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the overlook hotel autumn writer’s retreat



This is the part where I write a witty ironic blurb plugging the Overlook Hotel as the perfect writer's retreat, and then I don't because it's not that funny, my tooth hurts and I need a cigarette.  So instead I just run a bunch of links for new joints you should cop.

M.O.A.T. [instrumentaliste division] :: Dday One



I don't remember when I first came across DDay One's stuff; I used to spend hours and hours scouring rap blogs for new shit and just hoover it all up.  See, I came up in the record store days with no pockets.  I'd agonize over which records I could afford to buy, and dream about being in an endless record store where they had everything and you could listen to anything.  Hey presto, papi: internet.

I got really into instrumental hip-hop a couple of years ago, and it seems like the '00s were definitely their peak period.  Problem has always been separating the great from the meh. Partially, we got eighty gazillion Japanese DJs putting out so many instrumental jazz-hop LPs you could have a whole website built around nothing but.  Led by the late Nujabes and Fat Jon--to get opinionamated now--this shit mostly sounds the same, goes for the noodly-sounding bullshit, and when it does get a groove on ruins it with pathetic flute loops or weak-ass female vocal hooks.  And the beats?  The beats are weak as fuck.  Some of it is good, no doubt, but it's not head-nodding.

Remember when illbient and trip-hop were actually a thing?  That made it easier, I guess, because the line's really blurred between 'electronic' and 'instrumental hip-hop.'  If I'm on the fence, I listen closely to the beats.  Do they go dit-dit-dit-dit-dit?  Electronic, get the fuck outta here with that.  Do they go boom-bop-bop-boom-bop-bop-boom?  Hip-hop.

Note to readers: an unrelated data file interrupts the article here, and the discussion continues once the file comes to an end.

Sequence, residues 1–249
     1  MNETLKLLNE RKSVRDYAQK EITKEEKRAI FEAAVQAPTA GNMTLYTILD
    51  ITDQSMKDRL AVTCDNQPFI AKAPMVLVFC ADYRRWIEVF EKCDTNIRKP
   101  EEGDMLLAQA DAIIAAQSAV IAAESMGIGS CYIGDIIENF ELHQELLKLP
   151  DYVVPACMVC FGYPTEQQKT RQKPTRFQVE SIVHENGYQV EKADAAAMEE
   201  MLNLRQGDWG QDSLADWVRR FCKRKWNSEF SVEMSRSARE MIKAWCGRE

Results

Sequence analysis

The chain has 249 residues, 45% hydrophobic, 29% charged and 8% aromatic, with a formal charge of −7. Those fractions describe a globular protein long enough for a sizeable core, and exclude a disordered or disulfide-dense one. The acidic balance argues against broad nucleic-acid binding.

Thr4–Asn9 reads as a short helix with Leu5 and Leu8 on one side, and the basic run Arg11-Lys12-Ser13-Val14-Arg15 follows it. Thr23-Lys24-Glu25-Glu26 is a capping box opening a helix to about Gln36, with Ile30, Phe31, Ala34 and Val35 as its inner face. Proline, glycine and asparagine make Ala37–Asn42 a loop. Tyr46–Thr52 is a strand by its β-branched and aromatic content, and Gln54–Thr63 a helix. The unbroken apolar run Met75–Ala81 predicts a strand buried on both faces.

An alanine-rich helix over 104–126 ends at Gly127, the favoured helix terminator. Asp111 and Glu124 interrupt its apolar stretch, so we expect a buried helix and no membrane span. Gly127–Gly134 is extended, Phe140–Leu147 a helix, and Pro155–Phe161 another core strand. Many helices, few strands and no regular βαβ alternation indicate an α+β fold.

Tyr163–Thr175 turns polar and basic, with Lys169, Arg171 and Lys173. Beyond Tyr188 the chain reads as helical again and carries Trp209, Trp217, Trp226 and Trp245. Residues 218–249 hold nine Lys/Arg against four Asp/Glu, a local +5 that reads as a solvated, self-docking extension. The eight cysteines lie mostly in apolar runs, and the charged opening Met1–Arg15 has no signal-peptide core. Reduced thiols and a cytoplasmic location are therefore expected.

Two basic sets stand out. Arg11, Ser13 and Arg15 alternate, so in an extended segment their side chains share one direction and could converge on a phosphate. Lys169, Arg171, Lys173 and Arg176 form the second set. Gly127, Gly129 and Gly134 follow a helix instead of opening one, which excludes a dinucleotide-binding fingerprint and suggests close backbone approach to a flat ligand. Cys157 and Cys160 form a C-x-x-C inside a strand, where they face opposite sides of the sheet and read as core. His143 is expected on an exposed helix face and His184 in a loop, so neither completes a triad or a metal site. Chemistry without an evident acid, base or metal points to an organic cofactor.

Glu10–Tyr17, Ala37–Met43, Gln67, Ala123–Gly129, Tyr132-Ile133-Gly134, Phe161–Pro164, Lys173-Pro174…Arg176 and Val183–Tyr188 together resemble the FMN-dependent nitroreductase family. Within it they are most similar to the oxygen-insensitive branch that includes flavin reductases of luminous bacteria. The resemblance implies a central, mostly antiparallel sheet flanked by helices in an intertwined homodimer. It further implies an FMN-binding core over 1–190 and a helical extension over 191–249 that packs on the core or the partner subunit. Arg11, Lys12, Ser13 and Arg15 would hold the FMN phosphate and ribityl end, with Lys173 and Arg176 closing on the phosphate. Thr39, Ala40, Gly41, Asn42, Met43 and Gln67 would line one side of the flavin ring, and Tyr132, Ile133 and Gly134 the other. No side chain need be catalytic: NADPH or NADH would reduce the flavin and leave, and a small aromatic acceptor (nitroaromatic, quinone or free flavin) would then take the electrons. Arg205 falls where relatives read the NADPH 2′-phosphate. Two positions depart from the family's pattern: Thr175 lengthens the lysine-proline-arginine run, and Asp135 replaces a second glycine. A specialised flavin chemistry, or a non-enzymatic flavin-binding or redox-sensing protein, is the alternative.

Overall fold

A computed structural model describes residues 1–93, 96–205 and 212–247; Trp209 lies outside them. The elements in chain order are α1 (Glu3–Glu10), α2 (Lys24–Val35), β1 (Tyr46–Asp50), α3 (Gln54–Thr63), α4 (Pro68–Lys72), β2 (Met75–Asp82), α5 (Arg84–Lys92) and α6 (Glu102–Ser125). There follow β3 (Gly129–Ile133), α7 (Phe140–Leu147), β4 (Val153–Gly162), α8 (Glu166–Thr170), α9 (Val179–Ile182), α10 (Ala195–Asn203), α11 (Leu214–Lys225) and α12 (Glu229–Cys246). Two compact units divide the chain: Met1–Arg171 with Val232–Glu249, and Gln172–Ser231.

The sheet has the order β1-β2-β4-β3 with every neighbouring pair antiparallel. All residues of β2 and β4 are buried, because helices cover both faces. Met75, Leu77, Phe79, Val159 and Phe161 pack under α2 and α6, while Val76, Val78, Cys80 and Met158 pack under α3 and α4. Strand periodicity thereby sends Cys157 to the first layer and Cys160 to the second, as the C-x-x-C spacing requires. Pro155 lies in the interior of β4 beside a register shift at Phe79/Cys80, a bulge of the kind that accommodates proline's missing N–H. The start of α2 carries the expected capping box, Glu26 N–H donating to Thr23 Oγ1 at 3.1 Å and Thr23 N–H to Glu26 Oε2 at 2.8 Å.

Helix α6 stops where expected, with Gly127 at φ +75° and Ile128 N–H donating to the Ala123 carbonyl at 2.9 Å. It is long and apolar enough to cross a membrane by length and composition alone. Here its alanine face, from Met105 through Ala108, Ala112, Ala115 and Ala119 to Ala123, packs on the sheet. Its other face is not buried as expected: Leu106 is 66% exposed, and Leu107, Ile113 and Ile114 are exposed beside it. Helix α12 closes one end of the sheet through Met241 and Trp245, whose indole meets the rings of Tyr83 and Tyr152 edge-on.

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M.O.A.T. [indie MC division] :: C-Rayz Walz



So in Greek mythology, you had the Titans who ruled over the Golden Age.  Cronos was the king Titan, but because he heard this prophecy his kids would overthrow him, he'd eat them as soon as they were born.  This one time his wife gives him a rock instead and raises the kid in secret.  When Zeus grows up he cuts his pop's stomach open and frees his siblings, who all grew up in there with only that baby-Zeus-sized rock to play with.  (That must've pretty much sucked.)  They establish the Olympic pantheon of the Greeks, Romans and all those paintings and sculptures of swan rape and flying sandal wearing naked muhfuckas from your high school art history class.

Where was I going with this?  Uh...shit.  Oh, right: if we cast El-P as the Zeus of the millenial indie-rap pantheon, the best and most overlooked MC from there is C-Rayz Walz.  He's like the Hephaestus of that click, the blacksmith god: he stays underground steady pounding iron and steel.

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the overlook hotel’s famous breakfast buffet



A roundup of recent(ish) bangers.

I can't embed other players up in here, so deal with it.  Not gonna break the list into cute categories like 'eggs to order' or 'bacon tray' because that's stupid.  Also not gonna put 'em up in one big zip file because I keep it legals.

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libyan technique :: ibn thabit



What we're seeing across North Africa and the Middle East is a youth revolution, driven by disenfranchisement and a lack of opportunities.  Hip hop has always been the original soundtrack for that.  It started in the city Ford told to drop dead, and since "The Message" it's been the theme music for angry young people whose rage is against poverty, ghettos and repression--political, racial and economic.  Public Enemy made politics and fist-up rebellion their sound, and the torch's been carried by a handful since then.